https://www.instagram.com/explore/ta...hreadabrother/

  8. #8
    Super Member Rose_P's Avatar
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    Quote Originally Posted by TeresaA View Post
    I suspect that there's something blocking the top thread path. Could there be a bit of thread stuck in the tension mechanism?
    This is what causes similar problems in one of my machines at times. If you are showing us the bottom side, it's the top tension that is not feeding the thread correctly. I know that's counterintuitive because the top side of the stitches may actually look quite normal. I don't really understand the logic of machine designers who have made the thread path out of sight for us, so that what might have been a simple problem on an old fashioned machine is completely inside where we can't see it and can't get at it.

    The first thing I can suggest is to try a technique when threading it a bit like when you floss between your teeth. Be sure to hold the thread firmly above and below as you pull it through the area where the tension is, so that it has a better chance of engaging. The presser foot should be up when threading so that the tension is disengaged and the thread can get in. The manual will probably specify where it's important to hold the thread firmly as you thread it. If that doesn't work, you may need a technician. If you're lucky, maybe you can find a tech person who will do a diagnostic while you wait and charge a small fee if all he/she has to do is pull out the snarl with tweezers. This is not covered by the Brother warranty (I was told), because it's considered user error. It's certainly an argument for quality thread, but even the best ones will sometimes have a flaw. My Brother is an embroidery machine, but the thread path is very much the same as on my Singer and Baby Lock machines.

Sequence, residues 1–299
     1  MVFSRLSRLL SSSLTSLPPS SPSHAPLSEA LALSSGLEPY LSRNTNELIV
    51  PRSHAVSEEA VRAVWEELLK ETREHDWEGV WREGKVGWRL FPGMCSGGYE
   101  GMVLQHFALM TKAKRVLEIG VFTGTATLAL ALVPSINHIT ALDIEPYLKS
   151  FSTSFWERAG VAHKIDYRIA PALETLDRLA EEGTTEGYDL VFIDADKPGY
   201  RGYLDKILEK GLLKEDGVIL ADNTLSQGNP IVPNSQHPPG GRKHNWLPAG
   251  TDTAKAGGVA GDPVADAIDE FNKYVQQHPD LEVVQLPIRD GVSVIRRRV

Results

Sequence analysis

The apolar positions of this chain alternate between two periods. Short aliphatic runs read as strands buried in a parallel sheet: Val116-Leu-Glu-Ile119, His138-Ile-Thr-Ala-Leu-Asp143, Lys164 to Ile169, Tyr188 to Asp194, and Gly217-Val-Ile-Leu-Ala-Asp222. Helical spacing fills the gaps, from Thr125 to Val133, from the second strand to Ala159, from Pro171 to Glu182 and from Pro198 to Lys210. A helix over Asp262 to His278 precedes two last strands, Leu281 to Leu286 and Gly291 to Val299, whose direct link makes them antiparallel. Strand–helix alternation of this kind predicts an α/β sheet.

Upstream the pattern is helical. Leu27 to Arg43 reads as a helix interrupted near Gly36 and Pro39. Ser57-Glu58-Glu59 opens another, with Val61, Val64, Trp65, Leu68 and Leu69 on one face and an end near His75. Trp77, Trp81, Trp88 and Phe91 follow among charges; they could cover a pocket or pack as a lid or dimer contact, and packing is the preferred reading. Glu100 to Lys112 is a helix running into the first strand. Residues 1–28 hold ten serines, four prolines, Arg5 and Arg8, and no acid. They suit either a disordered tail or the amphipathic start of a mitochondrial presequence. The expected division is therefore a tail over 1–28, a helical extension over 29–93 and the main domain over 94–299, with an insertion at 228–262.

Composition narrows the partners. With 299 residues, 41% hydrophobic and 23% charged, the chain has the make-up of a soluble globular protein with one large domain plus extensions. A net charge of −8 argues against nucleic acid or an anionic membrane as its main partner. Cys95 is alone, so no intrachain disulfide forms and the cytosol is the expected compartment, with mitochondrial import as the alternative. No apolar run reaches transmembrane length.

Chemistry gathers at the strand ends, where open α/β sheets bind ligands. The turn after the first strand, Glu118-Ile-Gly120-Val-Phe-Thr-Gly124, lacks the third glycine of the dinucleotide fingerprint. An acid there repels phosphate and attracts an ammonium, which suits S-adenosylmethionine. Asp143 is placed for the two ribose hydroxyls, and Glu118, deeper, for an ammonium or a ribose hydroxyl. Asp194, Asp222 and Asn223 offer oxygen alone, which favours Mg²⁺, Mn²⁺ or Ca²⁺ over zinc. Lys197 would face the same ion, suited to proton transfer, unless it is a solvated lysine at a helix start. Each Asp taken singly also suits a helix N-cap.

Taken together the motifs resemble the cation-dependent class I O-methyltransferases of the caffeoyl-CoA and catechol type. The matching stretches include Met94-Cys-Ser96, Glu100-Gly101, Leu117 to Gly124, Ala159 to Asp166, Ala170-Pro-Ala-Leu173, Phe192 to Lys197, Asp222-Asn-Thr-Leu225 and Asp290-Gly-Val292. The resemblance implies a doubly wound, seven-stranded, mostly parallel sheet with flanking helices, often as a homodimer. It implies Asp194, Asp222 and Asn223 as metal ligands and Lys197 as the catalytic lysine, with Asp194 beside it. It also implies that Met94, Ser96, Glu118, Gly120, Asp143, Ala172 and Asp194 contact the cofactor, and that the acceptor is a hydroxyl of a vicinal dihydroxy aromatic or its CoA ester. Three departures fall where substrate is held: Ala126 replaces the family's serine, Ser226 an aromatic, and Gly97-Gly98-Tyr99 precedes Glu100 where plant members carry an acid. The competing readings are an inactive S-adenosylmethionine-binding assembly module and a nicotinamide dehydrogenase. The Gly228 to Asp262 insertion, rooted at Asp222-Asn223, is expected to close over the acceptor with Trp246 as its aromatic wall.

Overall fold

If (and only if) the machine is out of warranty, you could look around for a screw or two that might give you access to that area yourself. I have been able to pull out a snarl from my tension (on a new-ish Singer) using a tiny steel crochet hook. Don't bend, scratch or force anything! Unplug first, of course. If you see thread inside there when the machine is not threaded, that's pretty solid evidence of what's wrong. When I did it, I found a short piece of thread wound tightly at least 30 times. It was worth my time to deal with it only because the Singer repair place was an hour and a half away.